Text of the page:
Hierarchical Clustering (Tree Chart)

The Hierarchical Clustering (Tree Chart) is a node-link diagram that provides a visual condensation of Hierarchical Cluster Analysis output. It is also commonly used in determining the number of clusters and spotting outliers. The tree chart displays the hierarchical structure implied by the similarity matrix and clustered by the linkage rule.The output of this is a graph which shows how similar each of the different areas are when taking into account a range of variables. Closeness to each other on the tree chart suggests greater and greater similarity


To illustrate the use of the Hierarchical Clustering (Tree Chart) tool, we will use a dataset with a number of variables in it that can be related to each other: Income, Inequality and Financial Stress across the Greater Hobart area. To do this:

  • Select Greater Hobart as your area
  • Select SA2 OECD Indicators: Income, Inequality and Financial Stress 2011 as your dataset, selecting all variables.


Once you have done this, open the Hierarchical Clustering (Tree Chart) tool (Tools → Charts→ Hierarchical Clustering (Tree Chart)) and enter the parameters as listed below:

  • Dataset Input: Select a dataset that contains the variables of interest. Select SA2 OECD Indicators: Income, Inequality and Financial Stress 2011.
  • Variables: A set of independent variables. Select the following five attributes:
    • Median Disposable Income (Synthetic Data)
    • Gini Coefficient (Synthetic Data)
    • Poverty Rate (Synthetic Data)
    • % with no access to emergency money (Synthetic Data)
    • % Can’t afford a night out (Synthetic Data)
  • Distance Metric: Distance measure to be used. Select euclidean.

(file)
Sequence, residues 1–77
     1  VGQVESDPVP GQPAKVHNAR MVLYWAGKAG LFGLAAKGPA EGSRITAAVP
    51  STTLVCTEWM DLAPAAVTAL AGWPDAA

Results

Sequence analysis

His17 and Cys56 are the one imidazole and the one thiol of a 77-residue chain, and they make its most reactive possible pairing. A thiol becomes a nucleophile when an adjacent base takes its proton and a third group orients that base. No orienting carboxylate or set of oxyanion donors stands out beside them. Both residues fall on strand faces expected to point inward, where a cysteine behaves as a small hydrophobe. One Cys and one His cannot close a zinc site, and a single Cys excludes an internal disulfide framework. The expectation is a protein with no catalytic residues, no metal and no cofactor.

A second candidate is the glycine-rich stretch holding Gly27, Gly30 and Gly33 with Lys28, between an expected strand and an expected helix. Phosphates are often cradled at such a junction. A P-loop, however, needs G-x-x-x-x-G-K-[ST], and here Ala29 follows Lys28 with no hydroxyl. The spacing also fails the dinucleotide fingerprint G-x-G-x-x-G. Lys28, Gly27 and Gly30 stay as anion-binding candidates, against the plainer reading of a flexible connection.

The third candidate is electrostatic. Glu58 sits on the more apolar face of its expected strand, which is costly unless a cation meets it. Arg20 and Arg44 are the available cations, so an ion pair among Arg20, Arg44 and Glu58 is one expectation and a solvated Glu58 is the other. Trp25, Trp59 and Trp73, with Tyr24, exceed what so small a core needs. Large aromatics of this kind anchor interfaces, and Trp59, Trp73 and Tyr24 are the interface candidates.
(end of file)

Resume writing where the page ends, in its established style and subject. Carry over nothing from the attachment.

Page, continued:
• euclidean: “ordinary” straight-line distance between two points in Euclidean space.
    • maximum: greatest distance along any coordinate dimension, also known as chessboard distance.
    • manhattan: the distance between two points measured along axes at right angles.
    • canberra: a measure of similarity and dissimilarity between groups.
    • binary: measures the minimum number of substitutions required to change one string into the other, or the minimum number of errors that could have transformed one string into the other.
    • minkowski: is a metric in a normed vector space which can be considered as a generalization of both the Euclidean distance and the Manhattan distance.
  • Cluster Metric: The agglomeration method (linkage rule) to be used. It is important to note that in every method used, the analysis is processed as a complete-link case. Select complete.
    • ward: calculates the increase in the error sum of squares (ESS) after fusing two clusters.
    • single: the two closest points from each cluster
    • complete: the two furthest points from each cluster
    • average: the average of the cluster’s distances is taken whilst compensating for the number of points in that cluster
    • mcquitty: the average of the cluster’s distances is taken, not considering the number of points in that cluster.
    • median: the inter-cluster median point
    • centroid: the inter-cluster mid-point
  • Observation Labels: Select a column which contains variables that can be used as labels for each case. Select SA2 Name.
  • Chart Title: A title for your chart, this can be left for the default name. Leave this blank.
  • Greyscale: Specify whether you would like your graph to be grey-scale (checked) or colour (unchecked). Untick this.

Once you have selected your parameters, click the Run Tool button.


Once you have run the tool, click the Display Output button which appears in the pop-up dialogue box. This should open up a chart tool looking like the one shown below. 

The outputs indicate that the SA2s of Hobart are more similar to each other than any are to the SA2 of Mount Wellington, with respect to the variables selected above. They also show that the most similar SA2s are Kingston Beach – Blackmans Bay and Claremont.

Aldenderfer, M. S., & Blashfield, R. K. (1984). Cluster analysis. In Quantitative applications in the social sciences (Vol. 2). Sage Publications Beverly Hills.
MathWorks. (2020). Hierarchical Clustering. https://au.mathworks.com/help/stats/hierarchical-clustering.html
Venables, W. N., Smith, D. M., & Team, R. C. (1999). An introduction to R: Notes on R: A programming environment for data analysis and graphics Version 3.1. 0 (2014-04-10). R Core Team.

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